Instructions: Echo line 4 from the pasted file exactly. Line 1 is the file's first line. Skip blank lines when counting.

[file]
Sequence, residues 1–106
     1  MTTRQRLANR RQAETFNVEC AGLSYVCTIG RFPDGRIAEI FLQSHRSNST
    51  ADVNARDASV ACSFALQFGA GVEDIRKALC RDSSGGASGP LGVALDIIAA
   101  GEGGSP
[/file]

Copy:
   101  GEGGSP